Memorial Day: It’s not just a weekend, it’s a poignant day.

This weekend, scores will hitch up trailers, pack bags, fill coolers full of beer and head out for the 3-day weekend. We hope they remember Monday is Memorial Day. In the hubbub of the weekend, maybe everyone can take a few moments to remember those who sacrificed their lives in service to our country and show gratitude that they lived.

I remember going to the cemetery each Memorial Day to clean, sweep, and put new flowers on my grandparent’s graves. Even though they weren’t veterans, my Dad was, and this tradition was his orderly way of marking the day and thinking of the war he’d been through and the friends he’d lost. Many who didn’t grow up with this tradition –and still don’t commemorate the day, miss taking part in a meaningful holiday. Often, “memorialdayweekend” is uttered without the realization that Monday is a special day, not a weekend.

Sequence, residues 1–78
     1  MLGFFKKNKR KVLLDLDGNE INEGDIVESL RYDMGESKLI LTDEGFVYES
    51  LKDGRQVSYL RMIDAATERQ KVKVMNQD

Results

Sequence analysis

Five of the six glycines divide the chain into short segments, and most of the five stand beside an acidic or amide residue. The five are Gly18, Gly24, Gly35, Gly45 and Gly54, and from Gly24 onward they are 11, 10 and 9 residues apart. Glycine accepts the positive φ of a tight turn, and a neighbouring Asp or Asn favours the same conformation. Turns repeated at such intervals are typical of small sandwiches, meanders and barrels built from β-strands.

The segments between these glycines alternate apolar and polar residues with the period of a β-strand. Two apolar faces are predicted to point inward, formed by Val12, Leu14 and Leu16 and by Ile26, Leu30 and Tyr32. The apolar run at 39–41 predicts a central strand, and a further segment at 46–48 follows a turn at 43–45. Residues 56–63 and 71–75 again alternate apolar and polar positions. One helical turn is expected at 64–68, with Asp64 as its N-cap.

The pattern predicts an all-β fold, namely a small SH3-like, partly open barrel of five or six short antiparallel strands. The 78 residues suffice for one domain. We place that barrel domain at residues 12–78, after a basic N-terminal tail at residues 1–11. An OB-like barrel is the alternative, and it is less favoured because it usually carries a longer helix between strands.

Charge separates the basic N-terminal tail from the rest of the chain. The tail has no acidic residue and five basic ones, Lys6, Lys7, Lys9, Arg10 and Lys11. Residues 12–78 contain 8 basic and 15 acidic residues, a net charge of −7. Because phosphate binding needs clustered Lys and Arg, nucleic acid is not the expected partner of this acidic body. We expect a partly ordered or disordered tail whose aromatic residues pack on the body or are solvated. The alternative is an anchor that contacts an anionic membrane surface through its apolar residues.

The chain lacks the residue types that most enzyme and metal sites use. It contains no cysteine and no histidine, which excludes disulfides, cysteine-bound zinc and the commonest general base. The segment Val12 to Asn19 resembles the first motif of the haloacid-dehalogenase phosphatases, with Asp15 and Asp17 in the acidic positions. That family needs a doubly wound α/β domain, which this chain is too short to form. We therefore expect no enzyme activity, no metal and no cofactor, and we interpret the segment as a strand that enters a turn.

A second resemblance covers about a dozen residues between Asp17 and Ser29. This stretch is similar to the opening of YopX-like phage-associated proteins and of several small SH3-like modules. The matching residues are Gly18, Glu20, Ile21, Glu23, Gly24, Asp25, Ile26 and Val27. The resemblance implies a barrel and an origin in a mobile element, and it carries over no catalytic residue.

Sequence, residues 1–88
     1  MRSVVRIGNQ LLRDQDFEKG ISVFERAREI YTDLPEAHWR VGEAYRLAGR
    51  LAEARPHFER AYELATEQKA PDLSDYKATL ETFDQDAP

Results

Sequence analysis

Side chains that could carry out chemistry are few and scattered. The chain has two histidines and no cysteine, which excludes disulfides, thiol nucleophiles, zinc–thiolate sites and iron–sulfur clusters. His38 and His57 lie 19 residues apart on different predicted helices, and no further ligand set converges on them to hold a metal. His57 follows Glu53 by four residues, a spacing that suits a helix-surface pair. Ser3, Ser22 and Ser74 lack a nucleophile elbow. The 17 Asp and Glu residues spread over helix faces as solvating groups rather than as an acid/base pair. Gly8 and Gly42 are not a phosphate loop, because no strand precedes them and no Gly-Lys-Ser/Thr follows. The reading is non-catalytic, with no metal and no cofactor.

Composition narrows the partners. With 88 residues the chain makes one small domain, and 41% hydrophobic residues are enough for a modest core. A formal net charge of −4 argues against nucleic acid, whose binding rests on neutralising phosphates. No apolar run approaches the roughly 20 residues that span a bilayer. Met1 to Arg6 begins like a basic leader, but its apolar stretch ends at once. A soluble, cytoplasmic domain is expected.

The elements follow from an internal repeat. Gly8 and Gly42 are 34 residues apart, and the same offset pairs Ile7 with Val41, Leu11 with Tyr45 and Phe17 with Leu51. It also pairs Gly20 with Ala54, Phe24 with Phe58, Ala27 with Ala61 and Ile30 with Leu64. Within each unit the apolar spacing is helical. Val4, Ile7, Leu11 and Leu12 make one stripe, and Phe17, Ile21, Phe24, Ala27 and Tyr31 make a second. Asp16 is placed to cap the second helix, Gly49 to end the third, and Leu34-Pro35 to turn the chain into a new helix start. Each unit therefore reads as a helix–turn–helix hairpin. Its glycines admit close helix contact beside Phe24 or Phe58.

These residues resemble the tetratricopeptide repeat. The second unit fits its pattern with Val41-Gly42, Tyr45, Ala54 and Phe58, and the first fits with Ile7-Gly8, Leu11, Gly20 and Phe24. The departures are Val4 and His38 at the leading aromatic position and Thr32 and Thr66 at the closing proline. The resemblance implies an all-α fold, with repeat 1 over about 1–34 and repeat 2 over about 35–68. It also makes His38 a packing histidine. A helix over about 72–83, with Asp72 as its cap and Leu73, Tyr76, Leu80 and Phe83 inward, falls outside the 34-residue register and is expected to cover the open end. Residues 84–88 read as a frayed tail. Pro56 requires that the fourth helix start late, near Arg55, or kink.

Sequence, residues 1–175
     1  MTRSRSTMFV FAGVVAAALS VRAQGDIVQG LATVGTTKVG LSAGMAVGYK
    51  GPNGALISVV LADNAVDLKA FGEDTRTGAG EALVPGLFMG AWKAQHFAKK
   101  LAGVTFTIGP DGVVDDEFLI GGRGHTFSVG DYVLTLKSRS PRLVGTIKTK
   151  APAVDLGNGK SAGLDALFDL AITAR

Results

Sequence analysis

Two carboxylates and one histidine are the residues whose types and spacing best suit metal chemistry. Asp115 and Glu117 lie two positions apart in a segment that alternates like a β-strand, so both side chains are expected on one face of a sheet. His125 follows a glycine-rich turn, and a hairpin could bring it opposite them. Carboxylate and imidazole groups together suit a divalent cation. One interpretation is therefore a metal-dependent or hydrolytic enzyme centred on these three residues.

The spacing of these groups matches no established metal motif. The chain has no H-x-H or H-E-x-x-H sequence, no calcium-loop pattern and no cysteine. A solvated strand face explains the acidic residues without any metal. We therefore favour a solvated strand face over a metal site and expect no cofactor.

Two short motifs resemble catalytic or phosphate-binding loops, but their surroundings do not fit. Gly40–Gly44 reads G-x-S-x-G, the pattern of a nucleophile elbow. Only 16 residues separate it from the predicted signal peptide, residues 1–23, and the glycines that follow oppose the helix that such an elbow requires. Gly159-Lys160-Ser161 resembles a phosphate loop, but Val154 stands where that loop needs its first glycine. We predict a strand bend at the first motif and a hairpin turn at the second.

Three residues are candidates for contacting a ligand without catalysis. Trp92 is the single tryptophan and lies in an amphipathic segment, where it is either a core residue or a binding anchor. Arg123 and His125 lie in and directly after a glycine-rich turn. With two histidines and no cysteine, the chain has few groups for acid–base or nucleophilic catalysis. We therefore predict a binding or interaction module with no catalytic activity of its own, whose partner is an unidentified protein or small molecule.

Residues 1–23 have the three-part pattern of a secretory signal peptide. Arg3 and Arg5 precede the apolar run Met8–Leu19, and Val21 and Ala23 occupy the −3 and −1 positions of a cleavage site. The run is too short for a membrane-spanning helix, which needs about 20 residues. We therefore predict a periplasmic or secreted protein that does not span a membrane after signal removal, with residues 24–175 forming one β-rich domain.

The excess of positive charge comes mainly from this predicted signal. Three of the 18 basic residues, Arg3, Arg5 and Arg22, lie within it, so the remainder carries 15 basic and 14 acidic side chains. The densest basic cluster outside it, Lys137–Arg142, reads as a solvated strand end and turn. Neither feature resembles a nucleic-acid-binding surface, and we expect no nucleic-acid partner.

Across the country, everyone will mark the day in their own way. Some will pause and reflect by themselves, others will place flags on headstones of veterans. Speeches will be made, a few tears shed, music played. One event is the Floating Lantern Hawaii. 

The Na Lei Aloha Foundation and Shinnyo-en (a Japanese Buddhist order) brought the event to the US 14 years to coincide with the American tradition of honoring their war dead on Memorial Day.  The event is totally free and open to the public. Many have already sent in names to be written on the lanterns, however, if you’re not in Hawaii, you might also want to make one of your own. Make sure you take the remains, and recycle them (as they do at the Floating Lantern Hawaii ceremony).